I choose all Sides
Filmmaker Joe Singh finds his Cherokee Roots
“What am I?”
Joe didn’t look like his siblings. He didn’t look like his classmates or his friends. His skin was darker than his moms but lighter than his dads.
“What am I?” he’d ask his mother growing up.
“You’re Mormon,” his mother would answer, but it was never a good enough answer for him.
Joseph Singh (Cherokee Nation of Oklahoma) is a standup comedian, actor, writer and filmmaker. Growing up Mormon in the Church of Jesus Christ of Latter-day Saints, Joe was sheltered from his mother’s Cherokee heritage due to his mother’s concern that it would be negatively influential. But Joe persisted.
“I believe in genetic memory,” Joe said. “ I believe that I can learn from my ancestors. Even the ones who have done wrong. I can learn from their mistakes”
When he turned 18, Joe’s life took a sudden turn. His parents separated after his father fell ill, and his family lost their home.
“I was sort of an orphan even though I was 18,” Joe said. “I had nowhere to go.”
Alone, lost and driven by his pursuit of self-discovery, Joe ventured to a homestead in Oklahoma where he was welcomed with open arms by his great aunt and mother’s relatives.
“Being in that place and being with her felt like home,” Joe said.”I felt the spirits around. I felt a lot of love, like the whole place was a big hug.”
During his time in Oklahoma, Joe felt like he was finally discovering who he was. He learned from his great aunt about the history of his family and the present state of Indigenous culture. He studied family medicine, and wrote down many of his family stories.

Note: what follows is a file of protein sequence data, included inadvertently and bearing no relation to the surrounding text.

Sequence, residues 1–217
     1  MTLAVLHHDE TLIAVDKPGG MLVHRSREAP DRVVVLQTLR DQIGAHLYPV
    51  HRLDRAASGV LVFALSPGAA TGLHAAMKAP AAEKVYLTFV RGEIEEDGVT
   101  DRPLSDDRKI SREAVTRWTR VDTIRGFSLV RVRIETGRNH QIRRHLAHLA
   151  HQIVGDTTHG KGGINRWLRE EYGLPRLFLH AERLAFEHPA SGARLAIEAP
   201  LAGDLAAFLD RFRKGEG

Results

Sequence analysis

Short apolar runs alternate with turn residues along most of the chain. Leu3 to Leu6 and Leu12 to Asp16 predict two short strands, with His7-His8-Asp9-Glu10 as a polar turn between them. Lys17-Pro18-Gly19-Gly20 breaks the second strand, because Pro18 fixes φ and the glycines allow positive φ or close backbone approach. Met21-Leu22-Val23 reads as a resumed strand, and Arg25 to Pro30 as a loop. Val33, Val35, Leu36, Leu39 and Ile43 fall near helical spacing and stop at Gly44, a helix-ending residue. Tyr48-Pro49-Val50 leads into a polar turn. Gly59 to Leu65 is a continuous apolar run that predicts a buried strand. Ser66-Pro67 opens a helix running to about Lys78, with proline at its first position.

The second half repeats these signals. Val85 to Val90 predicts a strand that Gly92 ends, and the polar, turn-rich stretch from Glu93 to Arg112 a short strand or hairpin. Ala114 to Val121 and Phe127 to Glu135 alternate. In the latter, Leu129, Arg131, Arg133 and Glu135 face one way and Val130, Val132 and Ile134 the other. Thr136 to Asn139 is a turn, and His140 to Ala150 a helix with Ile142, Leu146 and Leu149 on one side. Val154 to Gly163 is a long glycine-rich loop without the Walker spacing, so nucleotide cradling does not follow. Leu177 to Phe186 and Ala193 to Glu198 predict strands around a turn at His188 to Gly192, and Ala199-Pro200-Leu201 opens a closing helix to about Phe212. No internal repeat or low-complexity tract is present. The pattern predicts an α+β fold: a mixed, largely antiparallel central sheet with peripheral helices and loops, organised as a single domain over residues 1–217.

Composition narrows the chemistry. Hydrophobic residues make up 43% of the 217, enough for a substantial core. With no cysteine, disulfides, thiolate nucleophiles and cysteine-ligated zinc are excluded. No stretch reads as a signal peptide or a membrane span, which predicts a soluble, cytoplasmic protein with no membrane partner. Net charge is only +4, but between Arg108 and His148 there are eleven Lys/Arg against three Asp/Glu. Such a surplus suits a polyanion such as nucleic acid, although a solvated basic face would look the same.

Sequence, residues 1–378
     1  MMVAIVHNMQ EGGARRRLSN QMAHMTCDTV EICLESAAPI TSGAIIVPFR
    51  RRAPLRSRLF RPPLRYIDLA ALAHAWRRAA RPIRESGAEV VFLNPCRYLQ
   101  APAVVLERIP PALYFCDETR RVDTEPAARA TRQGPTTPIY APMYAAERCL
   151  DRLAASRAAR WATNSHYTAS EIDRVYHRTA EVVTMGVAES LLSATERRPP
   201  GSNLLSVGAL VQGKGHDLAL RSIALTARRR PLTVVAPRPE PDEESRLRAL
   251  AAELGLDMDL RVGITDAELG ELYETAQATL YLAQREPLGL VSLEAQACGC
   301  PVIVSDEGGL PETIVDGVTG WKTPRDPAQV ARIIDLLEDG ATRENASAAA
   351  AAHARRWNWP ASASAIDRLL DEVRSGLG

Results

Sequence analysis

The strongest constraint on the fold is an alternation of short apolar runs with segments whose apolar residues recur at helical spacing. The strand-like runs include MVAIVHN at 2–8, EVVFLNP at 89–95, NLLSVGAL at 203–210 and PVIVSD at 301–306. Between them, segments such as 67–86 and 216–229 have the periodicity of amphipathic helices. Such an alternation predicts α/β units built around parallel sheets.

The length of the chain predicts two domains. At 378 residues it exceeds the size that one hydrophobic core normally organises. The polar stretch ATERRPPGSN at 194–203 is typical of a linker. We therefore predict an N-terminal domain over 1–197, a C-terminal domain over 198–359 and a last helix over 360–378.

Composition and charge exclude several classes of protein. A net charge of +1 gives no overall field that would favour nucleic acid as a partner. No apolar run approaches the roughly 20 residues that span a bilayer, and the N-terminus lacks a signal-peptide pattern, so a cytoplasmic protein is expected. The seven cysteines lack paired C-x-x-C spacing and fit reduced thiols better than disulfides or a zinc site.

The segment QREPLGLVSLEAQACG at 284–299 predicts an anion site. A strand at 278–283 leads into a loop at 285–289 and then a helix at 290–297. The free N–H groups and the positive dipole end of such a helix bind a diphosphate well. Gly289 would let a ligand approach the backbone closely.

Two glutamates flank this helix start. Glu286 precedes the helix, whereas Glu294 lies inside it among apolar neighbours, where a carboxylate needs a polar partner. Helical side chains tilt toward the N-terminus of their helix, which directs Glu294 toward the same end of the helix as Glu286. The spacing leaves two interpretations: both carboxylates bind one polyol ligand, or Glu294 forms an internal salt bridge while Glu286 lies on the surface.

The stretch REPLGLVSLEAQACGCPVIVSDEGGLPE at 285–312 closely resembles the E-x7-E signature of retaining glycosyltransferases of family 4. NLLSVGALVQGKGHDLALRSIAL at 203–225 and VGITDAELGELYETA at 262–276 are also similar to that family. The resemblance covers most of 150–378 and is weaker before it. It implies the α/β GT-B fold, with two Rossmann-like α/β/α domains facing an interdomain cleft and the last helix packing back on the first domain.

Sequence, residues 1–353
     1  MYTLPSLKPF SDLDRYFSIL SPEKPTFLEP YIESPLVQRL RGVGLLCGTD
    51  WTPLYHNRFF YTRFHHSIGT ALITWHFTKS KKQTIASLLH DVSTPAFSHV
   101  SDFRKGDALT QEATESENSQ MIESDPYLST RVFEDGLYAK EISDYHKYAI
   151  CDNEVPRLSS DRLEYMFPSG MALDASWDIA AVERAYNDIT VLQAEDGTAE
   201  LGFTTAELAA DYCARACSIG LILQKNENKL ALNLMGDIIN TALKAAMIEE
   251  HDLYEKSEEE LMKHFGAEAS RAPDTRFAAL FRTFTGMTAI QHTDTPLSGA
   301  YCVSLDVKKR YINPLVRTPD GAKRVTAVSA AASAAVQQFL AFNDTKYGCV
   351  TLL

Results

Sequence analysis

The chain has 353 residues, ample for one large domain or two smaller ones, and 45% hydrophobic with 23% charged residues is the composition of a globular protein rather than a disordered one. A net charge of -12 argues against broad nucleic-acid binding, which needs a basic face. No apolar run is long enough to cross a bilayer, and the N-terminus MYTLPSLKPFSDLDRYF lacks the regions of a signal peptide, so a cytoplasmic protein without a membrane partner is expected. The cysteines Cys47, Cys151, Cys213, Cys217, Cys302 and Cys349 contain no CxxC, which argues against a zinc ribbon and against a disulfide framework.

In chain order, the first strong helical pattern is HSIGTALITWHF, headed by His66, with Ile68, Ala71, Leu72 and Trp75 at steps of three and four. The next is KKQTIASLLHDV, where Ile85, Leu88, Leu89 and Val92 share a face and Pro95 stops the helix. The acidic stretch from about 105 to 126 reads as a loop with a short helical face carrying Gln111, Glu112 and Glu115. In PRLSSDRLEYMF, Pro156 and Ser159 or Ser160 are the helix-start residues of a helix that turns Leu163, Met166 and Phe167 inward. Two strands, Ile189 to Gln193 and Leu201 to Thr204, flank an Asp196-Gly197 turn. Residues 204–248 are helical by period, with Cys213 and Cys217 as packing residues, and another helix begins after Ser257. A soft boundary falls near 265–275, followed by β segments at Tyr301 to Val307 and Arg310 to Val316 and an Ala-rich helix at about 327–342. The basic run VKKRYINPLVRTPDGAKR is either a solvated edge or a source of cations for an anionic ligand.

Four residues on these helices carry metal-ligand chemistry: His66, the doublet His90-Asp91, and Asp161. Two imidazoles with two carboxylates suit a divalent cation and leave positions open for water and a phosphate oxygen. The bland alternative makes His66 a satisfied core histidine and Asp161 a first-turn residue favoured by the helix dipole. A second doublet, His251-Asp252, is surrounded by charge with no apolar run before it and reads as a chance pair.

“There isn’t really anyone around to tell these oral stories,” Joe said. “Really important things are getting lost.”
Throughout his self-discovery, Joe recorded his experiences into film. Growing up, he and his brothers and sisters spent their days as kids making short videos and movies with their cameras.
“I always had an open mind and a creative spark,” Joe said. “It was a nice outlet when I came across these moments that I could apply to film and story.”
The horror genre specifically called to Joe. Whether it was being afraid of the dark as a child, the dismantling of his family, or even being homeless at certain times in his life, Joe wasn’t a stranger to pain or fear.
“I’ve encountered plenty of horror in my life,” Joe said. “I just became friends with the darkness and therefore horror is easier.”
His passion for the horror genre is what led him to Vision Maker Media to be a part of Nightmare Vision, the first ever online Indigenous horror film fest held in October 2020. Joe didn’t grow up learning traditional dances or hearing his family’s stories, but he said honoring his culture through storytelling feels right to him.
“I didn’t know my roots for a long time, and so I’ve been looking for a way to contribute to Indigenous culture for a while,” he said.
Although his journey exploring his Cherokee heritage after years of being raised in a dominantly white society has been a rollercoaster of emotions, Joe said his unique situation is what makes him who he is. Joe isn’t just Cherokee.
“As much as we want to honor our culture and our heritage, it’s evolved into people like me,” he said. “I’m the product of races that used to hate each other. I am a kymara of bloodlines. I can’t choose one side, so I choose all sides. I choose to be everything.”